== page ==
Solnedgang om Vinteren, after Ludwig Munthe

Solnedgang om Vinteren, after Ludwig Munthe

Watercolor on paper, 4.25″ x 4.5″

I copied a painting by Ludwig Munthe, seen here, on the back of a different watercolor painting that wasn’t working well. A lot of the paints I used here aren’t normally on my palette. There’s a little white gouache mixed into the paints on the top half of the sky.

Genuine Terracotta Oil Paint

Terracotta Oil Paint 5

Here’s some oil paint that I made from a shard of a broken terracotta pot. Some paint brands like to sell a paint called terracotta, but here I now have the real thing. Genuine broken pot paint. 🙂

I photographed all of this in the afternoon sun. The tints are with titanium white, but I didn’t try too hard to make it exactly even ratios this time. The other two paints in the photo are just there for comparison.

It actually does make sense to do this when you consider what natural red ochres and synthetic mars reds are made of. Basically, red ochre is primarily colored by iron oxides and, depending on the source, also contains large amounts of things like clay, quartz, gypsum, etc. Mars red is made through chemical reactions using ingredients like powdered iron and is baked at high temperatures. A mars red is very similar to a natural red earth but without the mineral impurities. To make a terracotta pot (or red bricks) that mars red is then mixed with things like clay. So, as I’m understanding it, a powdered terracotta pot really isn’t much different from a natural red ochre.

All I used was this one small shard of the pot. Before now I had actually been putting the pieces into the bottoms of other pots to improve the drainage. To grind it into powder I switched back to my old granite mortar and pestle. It actually broke down a lot easier than I expected, and I only ended up using a about a third of the powder.

To make it into paint I mulled the powder with a mix of linseed and poppyseed oils. Of all the drying oils used to make oil paint for artists, linseed oil has the highest percent of linolenic acid. It dries the fastest and makes the strongest paint film, but it also yellows the most over time. Poppyseed oil has little if any linolenic acid, but one of the highest percentages of linoleic acid. It’s one of the slowest to dry and doesn’t make as strong of a film, but has a lighter color to begin with and is supposed to not yellow nearly as much. That’s why some brands specifically use it for very light colors such as white, where even a small amount of yellowing would be noticeable. The mix of the two oils should produce a paint with a stronger film than just poppyseed and that doesn’t yellow as much as linseed with a drying time between the two. Some brands of paint do also mix oils for reasons like that. Mostly though I did the mix because I’m running low on linseed oil but I have plenty of poppyseed. 🙂

Warm Evening Light

Warm Evening Light

Watercolor on paper, 8″ x 4.75″

I painted this on the back of some paper that I think is from Moulin du Roy. I used the back because it had an interesting texture, different from the front, that left little flecks of white in the black paint and looked like light glistening. Unfortunately that texture just looks more like graininess when I shrink the image to fit here. A closer look-

Warm Evening Light Detail

I used mostly carbon black (self made, pigment from Pebeo) and Venetian red (Rublev), plus some German vine black (also Rublev).

While I was going through my usual struggle to think of a good title, before eventually settling on a plain description as always, I came across a quote about it in the Bible, in which Jesus said “When it is evening, ye say, It will be fair weather: for the sky is red. And in the morning, It will be foul weather to day: for the sky is red and lowring. O ye hypocrites, ye can discern the face of the sky; but can ye not discern the signs of the times?” (Mat 16:2-3) At certain latitudes a red sky in the evening means the next day will probably have good weather, because of the direction that wind blows, but a red sky in the morning means a storm is probably coming.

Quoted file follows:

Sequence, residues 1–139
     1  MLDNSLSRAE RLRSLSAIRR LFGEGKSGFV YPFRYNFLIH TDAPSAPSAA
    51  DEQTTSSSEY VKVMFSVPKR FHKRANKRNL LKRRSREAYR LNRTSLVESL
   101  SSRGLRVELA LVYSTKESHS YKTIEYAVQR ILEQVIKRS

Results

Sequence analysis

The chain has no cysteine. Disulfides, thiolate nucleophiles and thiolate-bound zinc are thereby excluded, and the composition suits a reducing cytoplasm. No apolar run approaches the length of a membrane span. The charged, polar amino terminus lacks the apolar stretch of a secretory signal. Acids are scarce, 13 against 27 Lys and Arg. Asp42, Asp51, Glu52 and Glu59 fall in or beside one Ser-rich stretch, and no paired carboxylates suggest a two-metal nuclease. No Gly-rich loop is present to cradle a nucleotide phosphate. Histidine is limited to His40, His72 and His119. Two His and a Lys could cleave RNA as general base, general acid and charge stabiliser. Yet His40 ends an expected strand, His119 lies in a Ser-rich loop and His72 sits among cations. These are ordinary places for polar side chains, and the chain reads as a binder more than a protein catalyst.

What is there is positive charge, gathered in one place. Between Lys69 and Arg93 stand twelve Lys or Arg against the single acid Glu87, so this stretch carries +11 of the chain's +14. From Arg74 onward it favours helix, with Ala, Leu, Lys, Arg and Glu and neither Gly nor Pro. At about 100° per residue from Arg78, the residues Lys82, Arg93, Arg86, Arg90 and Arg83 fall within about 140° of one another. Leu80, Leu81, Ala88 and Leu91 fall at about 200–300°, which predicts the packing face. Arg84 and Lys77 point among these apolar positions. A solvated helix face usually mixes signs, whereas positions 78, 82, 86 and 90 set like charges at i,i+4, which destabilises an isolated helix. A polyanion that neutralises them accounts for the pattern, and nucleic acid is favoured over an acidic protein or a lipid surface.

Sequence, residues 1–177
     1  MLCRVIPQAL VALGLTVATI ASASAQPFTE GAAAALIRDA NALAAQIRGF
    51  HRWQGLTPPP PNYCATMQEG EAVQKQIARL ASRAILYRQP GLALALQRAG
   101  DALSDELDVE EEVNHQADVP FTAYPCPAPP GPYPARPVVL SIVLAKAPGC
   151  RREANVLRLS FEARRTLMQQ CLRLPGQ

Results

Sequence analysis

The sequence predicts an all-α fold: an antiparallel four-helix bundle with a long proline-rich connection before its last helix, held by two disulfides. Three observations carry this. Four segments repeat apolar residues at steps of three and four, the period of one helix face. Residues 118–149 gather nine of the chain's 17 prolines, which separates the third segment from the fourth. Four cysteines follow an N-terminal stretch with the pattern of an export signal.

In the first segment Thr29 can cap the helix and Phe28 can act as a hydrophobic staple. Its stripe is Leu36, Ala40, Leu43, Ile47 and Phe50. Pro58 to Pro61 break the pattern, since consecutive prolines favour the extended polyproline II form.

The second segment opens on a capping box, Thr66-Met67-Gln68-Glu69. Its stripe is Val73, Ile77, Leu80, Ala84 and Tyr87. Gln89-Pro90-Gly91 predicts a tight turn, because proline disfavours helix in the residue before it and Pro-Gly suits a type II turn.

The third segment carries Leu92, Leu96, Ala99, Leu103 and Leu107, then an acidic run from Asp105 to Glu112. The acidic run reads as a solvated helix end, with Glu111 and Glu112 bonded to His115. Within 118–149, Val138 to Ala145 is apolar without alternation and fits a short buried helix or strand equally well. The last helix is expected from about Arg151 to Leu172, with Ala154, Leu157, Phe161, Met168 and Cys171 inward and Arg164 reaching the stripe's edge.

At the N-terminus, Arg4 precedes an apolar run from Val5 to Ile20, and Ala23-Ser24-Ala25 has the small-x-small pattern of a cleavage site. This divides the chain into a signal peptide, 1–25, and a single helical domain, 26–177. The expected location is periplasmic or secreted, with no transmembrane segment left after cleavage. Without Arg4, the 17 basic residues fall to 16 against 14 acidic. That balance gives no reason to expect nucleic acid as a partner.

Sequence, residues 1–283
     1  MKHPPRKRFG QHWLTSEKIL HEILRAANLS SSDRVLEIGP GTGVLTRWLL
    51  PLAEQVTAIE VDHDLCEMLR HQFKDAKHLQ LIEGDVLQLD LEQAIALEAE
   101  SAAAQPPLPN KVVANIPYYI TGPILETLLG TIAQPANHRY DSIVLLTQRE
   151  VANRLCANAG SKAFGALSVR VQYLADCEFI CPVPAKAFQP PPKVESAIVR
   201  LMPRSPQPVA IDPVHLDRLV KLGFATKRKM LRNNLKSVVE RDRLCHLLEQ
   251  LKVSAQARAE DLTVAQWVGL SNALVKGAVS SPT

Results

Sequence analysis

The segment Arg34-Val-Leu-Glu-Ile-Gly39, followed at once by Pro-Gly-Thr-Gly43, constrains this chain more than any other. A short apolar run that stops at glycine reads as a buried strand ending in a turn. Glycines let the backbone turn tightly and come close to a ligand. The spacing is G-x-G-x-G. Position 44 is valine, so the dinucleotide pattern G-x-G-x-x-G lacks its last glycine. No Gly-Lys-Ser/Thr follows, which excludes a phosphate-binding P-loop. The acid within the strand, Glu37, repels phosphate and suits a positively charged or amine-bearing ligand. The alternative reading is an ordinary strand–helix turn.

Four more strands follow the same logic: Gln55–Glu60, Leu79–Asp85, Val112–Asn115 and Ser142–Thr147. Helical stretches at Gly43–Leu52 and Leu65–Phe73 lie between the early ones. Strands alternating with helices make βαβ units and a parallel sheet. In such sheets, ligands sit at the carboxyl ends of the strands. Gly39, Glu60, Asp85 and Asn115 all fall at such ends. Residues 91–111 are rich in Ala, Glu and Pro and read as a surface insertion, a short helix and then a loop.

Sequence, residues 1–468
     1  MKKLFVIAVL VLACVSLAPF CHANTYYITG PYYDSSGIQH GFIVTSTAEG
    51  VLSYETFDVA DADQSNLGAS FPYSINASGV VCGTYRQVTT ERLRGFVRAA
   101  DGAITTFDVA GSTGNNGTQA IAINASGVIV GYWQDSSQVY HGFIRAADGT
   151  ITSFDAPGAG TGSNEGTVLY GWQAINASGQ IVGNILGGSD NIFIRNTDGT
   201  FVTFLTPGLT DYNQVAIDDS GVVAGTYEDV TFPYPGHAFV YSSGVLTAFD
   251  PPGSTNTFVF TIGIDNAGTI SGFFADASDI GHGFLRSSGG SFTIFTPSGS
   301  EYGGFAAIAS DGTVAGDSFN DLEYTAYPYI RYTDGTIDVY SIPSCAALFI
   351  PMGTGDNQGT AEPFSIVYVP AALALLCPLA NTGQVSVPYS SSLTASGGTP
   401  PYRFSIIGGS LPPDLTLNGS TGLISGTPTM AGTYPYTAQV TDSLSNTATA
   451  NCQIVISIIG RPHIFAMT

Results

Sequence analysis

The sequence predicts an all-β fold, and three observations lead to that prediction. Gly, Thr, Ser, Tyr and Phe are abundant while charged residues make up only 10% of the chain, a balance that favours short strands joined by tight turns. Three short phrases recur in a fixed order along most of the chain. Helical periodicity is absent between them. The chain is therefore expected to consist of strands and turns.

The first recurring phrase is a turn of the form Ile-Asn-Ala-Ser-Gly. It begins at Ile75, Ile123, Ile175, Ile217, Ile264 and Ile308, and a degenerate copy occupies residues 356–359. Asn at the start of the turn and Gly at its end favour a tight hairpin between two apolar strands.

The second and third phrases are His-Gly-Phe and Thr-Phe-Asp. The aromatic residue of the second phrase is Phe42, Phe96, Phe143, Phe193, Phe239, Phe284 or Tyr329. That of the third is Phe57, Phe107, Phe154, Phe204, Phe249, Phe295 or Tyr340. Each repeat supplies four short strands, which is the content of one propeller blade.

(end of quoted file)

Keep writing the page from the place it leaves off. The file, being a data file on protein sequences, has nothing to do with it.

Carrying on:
Over here is a photo that I was thinking of when I was painting the colors.

Memory of Summer

Memory of Summer

Oil on linen, 7″ x 5″

I was experimenting with some paints and decided to make something using what I had on my palette, which were mostly earth colors. I started by painting it all with burnt sienna dark, and then when it was dry I painted the scene on top.

Paints used in this mostly include-
burnt sienna dark (PBr7, self made, pigment from Natural Pigments)
orange ochre (PY43, self made, pigment from Natural Pigments)
yellow ochre light (PBr24, Rembrandt)
cobalt yellow (PY40, Daniel Smith)
titanium white (PW6, Williamsburg)
and a few random dabs of various natural siennas and red ochres

I really like the burnt sienna dark and orange ochres from Natural Pigments. Those are both high up on my list of earth colors that I like and they go together well.

Red Sunrise

Red Sunrise

Oil on canvas, 8″ x 10″

I was looking at Yellow and Gold by Mark Rothko yesterday and I thought I’d like to paint something like it, but… I figured it could use a few mountains. 🙂

I used three recently gotten paints that I haven’t used on anything yet, plus white. Transparent yellow medium (PY128, Rembrandt), Indian yellow (PY83, Michael Harding), and pink madder (PR221, Holbein). All three of them are very transparent paints. The sky is a mix of the two yellows and the mountains are a mix of Indian yellow and pink madder. I was really impressed with the reds and oranges that I got from that. The reddest area is an extremely intense vermilion but very transparent.

It was hard getting a good photo and I ended up doing a little editing to it and combining two different photos. In the real painting the sky is a little more yellow and isn’t quite so blended together, being more bands of color. The reds of the mountains are actually not far off from how they really look, but the brushstrokes aren’t really showing up. One of these days I need to either figure out my camera better or get a better lighting setup than just going outside into the sunlight…

Mountains and Mist

Mountains and Mist

Oil on canvas, 5″ x 7″

For this painting I wanted to try out three paints I recently bought. Flake white hue (Winsor & Newton), yellow ochre (Grumbacher pre-tested) and light red (Holbein).

The white is suppose to mimic flake white, which is made with lead. Since I don’t use or have the real flake white I don’t know how good of a job this paint does at being like it, but I actually liked how it mixed with the colors. It’s a mix of titanium and zinc white that wasn’t too strong so it was easier to adjust the other colors by a small amount than when using regular titanium white. This is good for me because I prefer mixing most of my paint on the canvas instead of on the palette. If the white is too strong then I find that small adjustments are harder to make, but if it’s too weak then I end up with too much paint on the canvas. I got this from Hobby Lobby (a hobby/craft/art store chain in the US) with a 40% off coupon, so it was very inexpensive.